How to develop mastery at any skill – A simple list of inter-connected ideas

If you want to achieve mastery, you need to be both intrinsically and extrinsically motivated. You need to regularly perform and attempt stuff you’ve never done.

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When you’ve developed mastery of something, you own that thing. You’ve learned the rules inside-out and now you have the ability, as an artist, to create your own rules.

You have the ability to create a new game.

Dan Sullivan, the founder of Strategic Coach, calls people with this level of mastery, “Game Changers,” because they don’t just play a game, they change the game.


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People with this level of mastery don’t compete with others, they make others compete with them. They are light-years ahead of the crowd and are setting the context of the future that others will either consciously or unconsciously follow.

Becoming a game changer is something that very few people aspire to. Most people are relatively comfortable being good at what they do or paying the bills.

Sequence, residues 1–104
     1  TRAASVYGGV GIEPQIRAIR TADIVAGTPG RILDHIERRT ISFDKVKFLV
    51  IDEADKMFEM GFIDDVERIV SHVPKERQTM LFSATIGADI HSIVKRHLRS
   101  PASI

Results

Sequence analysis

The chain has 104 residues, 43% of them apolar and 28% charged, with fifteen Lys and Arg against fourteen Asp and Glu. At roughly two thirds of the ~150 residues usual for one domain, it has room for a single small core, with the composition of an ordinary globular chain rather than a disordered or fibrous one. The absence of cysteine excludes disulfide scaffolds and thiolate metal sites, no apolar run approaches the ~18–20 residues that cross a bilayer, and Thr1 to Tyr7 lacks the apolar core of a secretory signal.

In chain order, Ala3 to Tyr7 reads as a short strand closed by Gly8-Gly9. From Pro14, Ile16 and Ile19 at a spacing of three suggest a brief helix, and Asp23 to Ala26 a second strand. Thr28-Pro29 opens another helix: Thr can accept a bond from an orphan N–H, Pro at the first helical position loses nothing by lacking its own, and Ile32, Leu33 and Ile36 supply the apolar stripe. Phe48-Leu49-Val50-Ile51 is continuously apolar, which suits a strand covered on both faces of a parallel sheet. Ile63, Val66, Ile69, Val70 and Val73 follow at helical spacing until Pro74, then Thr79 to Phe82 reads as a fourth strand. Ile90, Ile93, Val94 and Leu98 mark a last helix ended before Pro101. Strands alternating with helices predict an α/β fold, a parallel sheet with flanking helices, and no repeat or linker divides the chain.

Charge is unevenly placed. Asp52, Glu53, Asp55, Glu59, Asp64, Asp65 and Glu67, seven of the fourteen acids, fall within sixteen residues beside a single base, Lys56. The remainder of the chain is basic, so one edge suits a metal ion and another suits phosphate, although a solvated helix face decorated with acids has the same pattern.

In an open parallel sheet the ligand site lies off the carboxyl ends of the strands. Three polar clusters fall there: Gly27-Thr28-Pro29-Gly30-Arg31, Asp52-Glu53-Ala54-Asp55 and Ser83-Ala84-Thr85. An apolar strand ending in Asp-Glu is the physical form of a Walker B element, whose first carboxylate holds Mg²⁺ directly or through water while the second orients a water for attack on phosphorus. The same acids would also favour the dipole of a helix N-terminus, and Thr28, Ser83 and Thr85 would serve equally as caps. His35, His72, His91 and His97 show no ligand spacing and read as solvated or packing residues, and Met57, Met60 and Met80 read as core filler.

For a select few people, though, there is not only a desire to succeed and do well but to create and to fail. To stretch the possibilities of learning so far that they enter what some would call a “no man’s land.”

Going to places where no one else has thought to go.

Stretching their imagination so far that they can only share their ideas with a very tight “inner circle.” As Peter Diamandis said, “The day before something is a breakthrough, it’s a crazy idea.”

Once you reach a certain level of mastery, and if you have the creative spirit to change the game and world entirely — then you play in the realm of crazy ideas.

Here is a brief run-down of key steps in the development of this level of mastery. This list is far from exhaustive but will be useful to you if you intend to leave the world of competition behind and go to places only your imagination can take you.

  • Study only those whose work truly inspires and touches the deepest level of your soul.
  • Ignore almost everyone around you, particularly those who are competing for the bottom of the barrel.